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Light Reading series 5
Peter Cusack / Angela Impey





Kingsgate Gallery, London
29 November 2006 | 7pm
Tickets: £5 door / £4 advance
Telephone: 020 7372 3925
Email: james.holcombe |at| no-w-here.org.uk

Booking is essential for this event, as places are limited.


Based in London, Peter Cusack works as a sound artist, musician and environmental recordist with a special interest in environmental sound and acoustic ecology. Projects move from community arts to research into the contribution of sound to our senses of place, to recordings that document areas of special sonic interest, e.g. Lake Baikal, Siberia, Xinjang China's most western province. In 2005 Peter was involved in 'Sound & the City' the British Council sound art project in Beijing. His current project 'Sounds From Dangerous Places' examines the soundscapes of sites of major environmental damage, e.g. Chernobyl, the Azerbaijan oil fields, and controversial dams in south-eastern Turkey. He initiated 'Your Favourite London Sound' a project that aims to discover what Londoners find positive in their city's soundscape, an idea that has been repeated in other world cities including Beijing and Chicago. Peter also produces 'Vermilion Sounds' a monthly environmental sound program on Resonance FM and lectures on 'Sound Arts & Design' at the London College of Communication. He was recently appointed research fellow on the Engineering & Physical Sciences Research Council's multidisciplinary 'Positive Soundscapes Project'. As a musician, he tours regularly at home and abroad. Available recordings include ‘Where is the Green Parrot?’, ‘Your Favourite London Sounds’ and ‘Baikal Ice’.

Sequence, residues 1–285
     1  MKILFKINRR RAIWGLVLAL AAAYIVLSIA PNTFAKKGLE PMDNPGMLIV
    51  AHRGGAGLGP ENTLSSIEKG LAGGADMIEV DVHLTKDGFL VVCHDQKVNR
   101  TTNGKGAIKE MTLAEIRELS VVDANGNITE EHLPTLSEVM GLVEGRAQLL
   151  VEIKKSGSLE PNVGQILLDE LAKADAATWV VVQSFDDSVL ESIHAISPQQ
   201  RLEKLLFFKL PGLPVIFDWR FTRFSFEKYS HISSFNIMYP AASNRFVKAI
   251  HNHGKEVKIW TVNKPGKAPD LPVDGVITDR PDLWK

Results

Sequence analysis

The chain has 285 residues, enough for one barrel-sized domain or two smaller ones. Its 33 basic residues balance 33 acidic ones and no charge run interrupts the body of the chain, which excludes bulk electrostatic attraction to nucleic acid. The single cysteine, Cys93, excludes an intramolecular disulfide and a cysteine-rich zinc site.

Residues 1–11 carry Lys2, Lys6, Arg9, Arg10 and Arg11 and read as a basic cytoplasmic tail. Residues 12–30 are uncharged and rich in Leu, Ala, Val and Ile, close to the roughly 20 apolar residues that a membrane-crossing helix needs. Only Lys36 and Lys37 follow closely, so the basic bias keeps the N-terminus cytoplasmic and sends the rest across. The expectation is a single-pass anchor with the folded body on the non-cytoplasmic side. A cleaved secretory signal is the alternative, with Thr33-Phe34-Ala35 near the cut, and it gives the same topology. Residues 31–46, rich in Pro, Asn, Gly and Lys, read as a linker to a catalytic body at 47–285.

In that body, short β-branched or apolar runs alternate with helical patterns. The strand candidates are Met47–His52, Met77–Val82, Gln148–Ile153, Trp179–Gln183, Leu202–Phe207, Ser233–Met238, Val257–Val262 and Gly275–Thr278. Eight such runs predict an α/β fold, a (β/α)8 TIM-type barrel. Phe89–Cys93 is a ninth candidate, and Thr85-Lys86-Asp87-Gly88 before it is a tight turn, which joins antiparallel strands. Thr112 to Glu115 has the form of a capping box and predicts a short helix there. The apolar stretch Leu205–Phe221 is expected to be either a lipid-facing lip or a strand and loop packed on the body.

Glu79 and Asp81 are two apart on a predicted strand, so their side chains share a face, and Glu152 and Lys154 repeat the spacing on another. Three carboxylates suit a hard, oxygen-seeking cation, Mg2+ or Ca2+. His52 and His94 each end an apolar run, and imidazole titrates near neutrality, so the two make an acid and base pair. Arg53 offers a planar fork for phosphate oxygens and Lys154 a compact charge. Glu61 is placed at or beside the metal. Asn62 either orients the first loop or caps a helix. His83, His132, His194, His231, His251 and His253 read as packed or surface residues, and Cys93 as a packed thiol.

Angela Impey has a doctorate in Anthropology/Ethnomusicology from Indiana University (Bloomington). She has worked in community arts and education in various countries in southern Africa, and lectured Ethnomusicology at the University of KwaZulu Natal (SA) for many years. Her research, which was located in the borderlands of South Africa, Mozambique and Swaziland, explored ways in which sound and the affects of music making may contribute critical cultural insights to current perspectives in development, particularly as they pertain to land, gender and natural resource management. Angela has recently relocated to London and is working on various environmental development projects in the Eastern Nile Region of Ethiopia and Sudan as a social development consultant.


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